Saturday, May 7, 2011

Homo and Lumo for acid and base lewis

In 1923, G. N. Lewis (yes, the Lewis structure guy) suggested a way of describing a number of reactions that did not fit the Bronsted definition of acid-base reactions, yet seemed to have some unifying structural features.

He suggested:

  • A base is any species with an unshared pair of electrons; examples are:

  • An acid is any species lacking an octet; examples are:

This definition allows us to write acid-base reactions like these:

Several things about these reactions:

  • They are charge balanced - that is the total charge of all species is the same on both sides of the equations

  • The red arrows are used to show how the bond between acid and base is formed

    • The tail of the arrow rests on a pair of electrons

    • The arrow points to where those electrons will be in the product

  • The product is sometimes described as a Lewis "complex"

Giles Klopman points out that:

  • The acid-base nomenclature is easy to confuse with Bronsted nomenclature

  • Reactions like

    are a little confusing viewed as the acid (FeCl3) being a species lacking an octet - Fe3+ is 4s2, 3d4; and three Cl- add six electrons to give a neutral species.

He suggested that all of these reactions be viewed as involving the interaction of a filled atomic or molecular orbital on the base, and an empty atomic or molecular orbital on the acid, regardless of the octet rule.

  • The filled orbital would be the highest energy occupied molecular orbital, the HOMO

  • The empty orbital will be the lowest energy unoccupied molecular orbital, the LUMO

  • Then we refer to the reaction simply as a "filled-empty" interaction, or a HOMO-LUMO interaction

Here is this idea pictured in orbital terms:

Look at the formation of a molecule of hydrogen. Here are two H atoms, each with an electron, forming a molecule:

>

Each atom brings an electron.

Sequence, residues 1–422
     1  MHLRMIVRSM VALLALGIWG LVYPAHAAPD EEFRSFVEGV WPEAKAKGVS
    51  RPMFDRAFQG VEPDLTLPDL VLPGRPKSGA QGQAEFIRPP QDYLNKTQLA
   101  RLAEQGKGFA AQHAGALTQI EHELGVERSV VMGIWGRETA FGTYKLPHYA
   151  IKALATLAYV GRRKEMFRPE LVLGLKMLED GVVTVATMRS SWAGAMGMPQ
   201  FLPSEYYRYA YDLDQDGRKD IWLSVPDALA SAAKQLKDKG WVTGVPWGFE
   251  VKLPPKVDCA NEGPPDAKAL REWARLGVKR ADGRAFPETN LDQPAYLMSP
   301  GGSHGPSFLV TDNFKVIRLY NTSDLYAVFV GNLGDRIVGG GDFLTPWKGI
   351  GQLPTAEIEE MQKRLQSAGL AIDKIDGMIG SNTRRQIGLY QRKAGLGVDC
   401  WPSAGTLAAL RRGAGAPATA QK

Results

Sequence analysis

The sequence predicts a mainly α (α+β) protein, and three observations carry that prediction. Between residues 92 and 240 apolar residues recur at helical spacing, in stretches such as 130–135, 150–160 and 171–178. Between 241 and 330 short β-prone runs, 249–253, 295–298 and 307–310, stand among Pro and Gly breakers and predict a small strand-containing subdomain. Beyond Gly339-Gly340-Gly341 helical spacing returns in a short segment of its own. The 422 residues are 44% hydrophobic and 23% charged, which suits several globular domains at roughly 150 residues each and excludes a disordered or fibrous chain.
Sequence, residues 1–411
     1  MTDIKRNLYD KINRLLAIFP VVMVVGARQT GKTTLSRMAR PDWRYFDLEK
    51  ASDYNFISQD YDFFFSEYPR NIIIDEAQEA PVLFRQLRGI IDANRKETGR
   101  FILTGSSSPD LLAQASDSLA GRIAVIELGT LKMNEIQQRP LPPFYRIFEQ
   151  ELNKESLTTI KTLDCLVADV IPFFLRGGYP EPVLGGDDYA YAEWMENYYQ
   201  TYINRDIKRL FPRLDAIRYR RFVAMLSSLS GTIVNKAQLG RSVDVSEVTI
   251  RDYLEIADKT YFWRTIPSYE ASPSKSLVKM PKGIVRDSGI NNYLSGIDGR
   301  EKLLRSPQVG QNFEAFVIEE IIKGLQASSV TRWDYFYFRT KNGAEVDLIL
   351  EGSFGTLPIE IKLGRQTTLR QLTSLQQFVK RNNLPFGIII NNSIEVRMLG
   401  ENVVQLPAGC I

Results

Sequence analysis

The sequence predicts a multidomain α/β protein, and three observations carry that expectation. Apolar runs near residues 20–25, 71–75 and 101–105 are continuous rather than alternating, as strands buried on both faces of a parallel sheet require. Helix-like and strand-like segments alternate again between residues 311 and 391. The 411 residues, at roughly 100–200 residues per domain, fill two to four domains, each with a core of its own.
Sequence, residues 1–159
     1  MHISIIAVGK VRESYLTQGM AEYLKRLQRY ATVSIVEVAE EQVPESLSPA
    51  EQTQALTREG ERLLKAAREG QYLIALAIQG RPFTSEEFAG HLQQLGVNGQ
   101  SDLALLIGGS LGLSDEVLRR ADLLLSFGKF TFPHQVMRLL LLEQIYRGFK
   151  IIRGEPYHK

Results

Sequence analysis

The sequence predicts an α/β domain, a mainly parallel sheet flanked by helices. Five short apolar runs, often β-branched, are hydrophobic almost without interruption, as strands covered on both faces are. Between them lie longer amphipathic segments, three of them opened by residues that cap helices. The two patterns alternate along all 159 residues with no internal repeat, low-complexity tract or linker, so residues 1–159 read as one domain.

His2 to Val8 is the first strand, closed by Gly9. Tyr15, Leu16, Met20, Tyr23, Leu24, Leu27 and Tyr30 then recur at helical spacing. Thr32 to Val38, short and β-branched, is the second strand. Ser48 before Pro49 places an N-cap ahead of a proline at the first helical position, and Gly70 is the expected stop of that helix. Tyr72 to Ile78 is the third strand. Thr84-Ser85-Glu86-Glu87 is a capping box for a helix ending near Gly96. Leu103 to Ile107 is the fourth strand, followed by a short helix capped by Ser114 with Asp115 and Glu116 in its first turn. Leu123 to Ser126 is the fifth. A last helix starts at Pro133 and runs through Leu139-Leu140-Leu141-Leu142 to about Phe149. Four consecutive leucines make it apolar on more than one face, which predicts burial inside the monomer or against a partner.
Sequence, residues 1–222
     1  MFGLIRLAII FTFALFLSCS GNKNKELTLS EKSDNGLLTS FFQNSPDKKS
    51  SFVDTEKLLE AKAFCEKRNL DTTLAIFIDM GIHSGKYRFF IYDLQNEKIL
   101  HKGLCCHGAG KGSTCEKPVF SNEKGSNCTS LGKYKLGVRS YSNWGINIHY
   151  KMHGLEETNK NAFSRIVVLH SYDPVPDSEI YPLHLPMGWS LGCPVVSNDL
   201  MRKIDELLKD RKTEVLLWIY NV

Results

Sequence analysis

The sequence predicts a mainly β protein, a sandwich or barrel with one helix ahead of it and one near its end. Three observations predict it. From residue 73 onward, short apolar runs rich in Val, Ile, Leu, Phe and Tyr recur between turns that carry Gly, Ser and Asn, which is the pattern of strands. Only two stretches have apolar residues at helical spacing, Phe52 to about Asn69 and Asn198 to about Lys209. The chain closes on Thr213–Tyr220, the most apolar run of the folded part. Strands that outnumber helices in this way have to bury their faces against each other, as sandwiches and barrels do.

• The interaction of their 1s orbitals creates two molecular orbitals (MOs)

  • Put the two electrons in the lower energy orbital, just like building up atomic electron configurations in GenChem.

This is absolutely general:

  • When any two orbitals combine, two new orbitals are produced, one higher in energy than either of the originals, and one lower

  • These new orbitals are filled with the available electrons, starting with the lowest energy one (just like the aufbau principle from GenChem)

  • This is why the reaction occurs! A pair of electrons moves to lower energy.

  • If both species had a pair of electrons, the higher energy new orbital would have to be filled also; this is why He2 doesn't exist

Now suppose we bring together a proton, H+, with no electrons, and a hydride ion, H-, with two electrons. The proton is a Lewis acid, and the hydride ion is a Lewis base!

Again, the process occurs because the energy of a pair of electrons is lowered.

In general, the HOMO and the LUMO will not move up or down by the same amount, and the energy diagram will look more like this:

Every step of every reaction we write can be described as a filled-empty orbital interaction! Each step proceeds because a pair of electrons moves to lower energy.

Finally, let's demonstrate that all acid base reactions are really Lewis acid-base reactions.

Here's a typical Bronsted acid-base reaction:

The curly arrows track which bonds are made, and which are broken, but they do not indicate what orbitals are involved.

  • Water is both a Bronsted base (capable of accepting a proton) and a Lewis base, with one of its unshared pairs (the HOMO).

  • H-Cl is a Bronsted acid, capable of donating a proton, but it also is a Lewis acid, using the s* orbital of the H-Cl bond (the LUMO).

Here are pictures of the relevant HOMO and LUMO, from AM1 semi-empirical molecular orbital calculations:

H2O HOMO HCl LUMO (antibonding)

The interaction stabilizes the unshared pair of the oxygen, while simultaneously breaking the H-Cl bond because the interaction is with the antibonding orbital.

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